The first tourists, who arrived after six months of lockdown on the 11th September this year, were welcomed by millions of different acacia blossoms as well as the worm-cure albizia in and around Windhoek. Spring has sprung in Namibia and nature awakens once again. Announcing the new season, the black thorn presented its globose white-yellowish flowers on bare twigs and branches which armed with curved spines. Shortly afterwards the first camel thorn trees presented their golden-yellow flowers together with fresh green leaves, both protected by long white, often swollen spines. The soft spherical heads are on long stems scattered along the branches.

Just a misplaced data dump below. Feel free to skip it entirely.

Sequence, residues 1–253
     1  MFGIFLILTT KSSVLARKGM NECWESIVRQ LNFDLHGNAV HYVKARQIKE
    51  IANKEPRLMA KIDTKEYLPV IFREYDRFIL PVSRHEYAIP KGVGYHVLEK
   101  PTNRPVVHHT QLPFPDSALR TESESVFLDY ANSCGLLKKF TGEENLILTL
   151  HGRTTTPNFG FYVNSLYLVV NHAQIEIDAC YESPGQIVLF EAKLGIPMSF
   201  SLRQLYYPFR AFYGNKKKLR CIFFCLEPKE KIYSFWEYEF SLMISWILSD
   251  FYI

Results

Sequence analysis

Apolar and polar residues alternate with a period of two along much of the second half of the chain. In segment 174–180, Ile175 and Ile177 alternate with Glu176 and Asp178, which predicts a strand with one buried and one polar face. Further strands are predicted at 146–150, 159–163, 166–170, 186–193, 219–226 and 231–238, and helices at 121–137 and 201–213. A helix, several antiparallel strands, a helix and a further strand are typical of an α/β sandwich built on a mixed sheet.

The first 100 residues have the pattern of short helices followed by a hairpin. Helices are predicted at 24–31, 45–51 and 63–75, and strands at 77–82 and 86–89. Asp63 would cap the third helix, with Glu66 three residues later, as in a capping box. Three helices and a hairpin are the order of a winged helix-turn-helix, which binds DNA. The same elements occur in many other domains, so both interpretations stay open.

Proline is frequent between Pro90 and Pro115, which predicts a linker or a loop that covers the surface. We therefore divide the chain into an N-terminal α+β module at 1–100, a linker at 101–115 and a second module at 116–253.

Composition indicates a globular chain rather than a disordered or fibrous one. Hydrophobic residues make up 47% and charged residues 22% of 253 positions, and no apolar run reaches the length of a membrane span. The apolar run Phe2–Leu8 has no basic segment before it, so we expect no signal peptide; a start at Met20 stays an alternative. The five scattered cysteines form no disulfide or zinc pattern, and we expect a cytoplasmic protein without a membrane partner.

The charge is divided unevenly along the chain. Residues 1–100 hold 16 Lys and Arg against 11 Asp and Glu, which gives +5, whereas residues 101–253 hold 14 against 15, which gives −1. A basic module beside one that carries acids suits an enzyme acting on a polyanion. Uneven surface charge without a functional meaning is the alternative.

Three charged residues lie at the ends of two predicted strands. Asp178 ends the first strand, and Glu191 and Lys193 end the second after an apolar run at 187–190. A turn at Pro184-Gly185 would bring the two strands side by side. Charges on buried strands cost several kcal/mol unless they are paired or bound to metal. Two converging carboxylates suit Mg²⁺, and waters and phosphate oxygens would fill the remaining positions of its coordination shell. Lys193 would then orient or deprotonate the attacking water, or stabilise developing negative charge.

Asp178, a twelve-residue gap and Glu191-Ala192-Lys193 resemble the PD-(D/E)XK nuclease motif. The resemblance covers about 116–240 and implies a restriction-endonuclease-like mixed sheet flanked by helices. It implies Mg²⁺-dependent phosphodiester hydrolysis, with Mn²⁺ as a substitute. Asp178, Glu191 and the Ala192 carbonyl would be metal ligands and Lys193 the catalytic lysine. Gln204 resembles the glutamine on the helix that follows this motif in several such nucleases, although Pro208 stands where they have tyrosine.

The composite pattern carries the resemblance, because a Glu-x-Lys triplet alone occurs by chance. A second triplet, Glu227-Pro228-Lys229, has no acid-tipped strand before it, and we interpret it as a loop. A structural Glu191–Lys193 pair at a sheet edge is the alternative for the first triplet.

The greenish-white flowers of the worm-cure albizia are much bigger than the round acacia flowers but as soft and fragile looking. They appear before the leaves do, and are another sign of summer approaching. These trees have no thorns to protect the flowers and leaves. They however add a certain vibrancy to the dry landscapes the winter left behind.

A few candlepod acacias are also flowering and have added a yellowish tint to the flowerage in open spaces, riverbeds and some gardens with endemic trees and bushes. Slightly curved paired thorns protect the numerous and small globose flower heads which are cream coloured and become yellow as they wither.

Soon other acacias will be in flower and those who now greeted the first tourists back to Namibia will be developing pods and green leaves. Insects and birds are able to enjoy the nectar from acacias for some time since the various tree species all flower at different times.

Author: Dirk Heinrich


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